Jaunary 2016 Newsline published ahead of print.

Neoadjuvant chemotherapy treatment is less likely to be effective in African American women with breast cancer than in women in other racial minority groups, suggests research published in the Journal of Clinical Oncology.

Brigid K. Killelea, MD, of the Yale University School of Medicine, and colleagues used the National Cancer Database to identify women with stage 1 through stage 3 breast cancer who were diagnosed in 2010 or 2011. More than 278,000 patients with known race and identity were analyzed; 46% of those patients received chemotherapy. Within the 46%, chemotherapy timing was known for 121,446 patients, revealing that 27,300 women (23%) received neoadjuvant chemotherapy.

“Neoadjuvant chemotherapy in particular was given more frequently to black, Hispanic, and Asian women than to white women,” said Dr Killelea.

Of the 17,970 patients with a known outcome, 33% had a pathologic complete response (pCR). African American women in particular had a lower rate of pCR for estrogen receptor/progesterone receptor-negative tumors, human epidermal growth factor receptor 2-positive tumors (43% versus 54%) and triple-negative tumors (37% versus 43%). This difference persisted when adjusted for age, clinical T stage, clinical N stage, histology, and grade comorbidity index, among other factors.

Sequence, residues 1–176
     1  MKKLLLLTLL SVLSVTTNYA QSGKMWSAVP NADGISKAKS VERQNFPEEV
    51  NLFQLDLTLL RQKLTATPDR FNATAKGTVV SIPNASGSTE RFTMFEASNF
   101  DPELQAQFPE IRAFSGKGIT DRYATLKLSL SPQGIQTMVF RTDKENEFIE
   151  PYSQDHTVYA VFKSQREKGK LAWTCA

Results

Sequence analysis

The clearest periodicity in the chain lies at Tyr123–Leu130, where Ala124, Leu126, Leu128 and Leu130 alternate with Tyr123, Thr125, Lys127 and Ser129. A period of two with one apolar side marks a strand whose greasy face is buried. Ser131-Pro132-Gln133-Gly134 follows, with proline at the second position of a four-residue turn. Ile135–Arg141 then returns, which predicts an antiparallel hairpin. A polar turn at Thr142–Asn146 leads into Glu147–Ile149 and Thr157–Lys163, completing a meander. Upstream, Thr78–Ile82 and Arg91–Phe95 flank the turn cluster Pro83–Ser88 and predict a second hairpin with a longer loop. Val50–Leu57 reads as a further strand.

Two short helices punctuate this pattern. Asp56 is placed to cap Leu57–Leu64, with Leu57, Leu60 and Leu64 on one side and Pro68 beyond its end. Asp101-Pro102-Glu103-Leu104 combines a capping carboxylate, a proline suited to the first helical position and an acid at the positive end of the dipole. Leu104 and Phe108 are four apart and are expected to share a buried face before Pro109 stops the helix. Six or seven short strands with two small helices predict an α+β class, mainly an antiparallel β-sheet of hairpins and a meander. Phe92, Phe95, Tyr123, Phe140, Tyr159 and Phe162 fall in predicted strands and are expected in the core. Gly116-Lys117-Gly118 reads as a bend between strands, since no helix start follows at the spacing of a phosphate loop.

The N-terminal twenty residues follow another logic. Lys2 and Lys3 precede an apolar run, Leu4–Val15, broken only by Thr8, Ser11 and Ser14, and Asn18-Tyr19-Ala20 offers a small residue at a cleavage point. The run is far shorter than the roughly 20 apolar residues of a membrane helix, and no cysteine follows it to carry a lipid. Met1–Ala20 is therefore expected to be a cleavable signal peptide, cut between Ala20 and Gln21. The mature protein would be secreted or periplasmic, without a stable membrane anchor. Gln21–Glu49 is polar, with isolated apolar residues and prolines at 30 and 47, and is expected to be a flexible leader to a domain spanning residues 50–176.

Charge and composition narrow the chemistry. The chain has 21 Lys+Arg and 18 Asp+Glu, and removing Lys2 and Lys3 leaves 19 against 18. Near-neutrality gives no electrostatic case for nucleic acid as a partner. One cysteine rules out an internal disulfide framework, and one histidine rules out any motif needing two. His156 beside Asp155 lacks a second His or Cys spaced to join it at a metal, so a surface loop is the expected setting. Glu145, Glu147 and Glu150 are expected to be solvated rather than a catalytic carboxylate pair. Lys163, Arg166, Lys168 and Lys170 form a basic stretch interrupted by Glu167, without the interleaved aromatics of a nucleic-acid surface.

Reference

  1. Killelela BK, Yang VQ, Wang S-Y, et al. Racial differences in the use and outcome of neoadjuvant chemotherapy for breast cancer: Results from the national cancer database. J Clin Oncol. Paper presented at: 2015 San Antonio Breast Cancer Symposium; December 8–12, 2015; San Antonio, TX.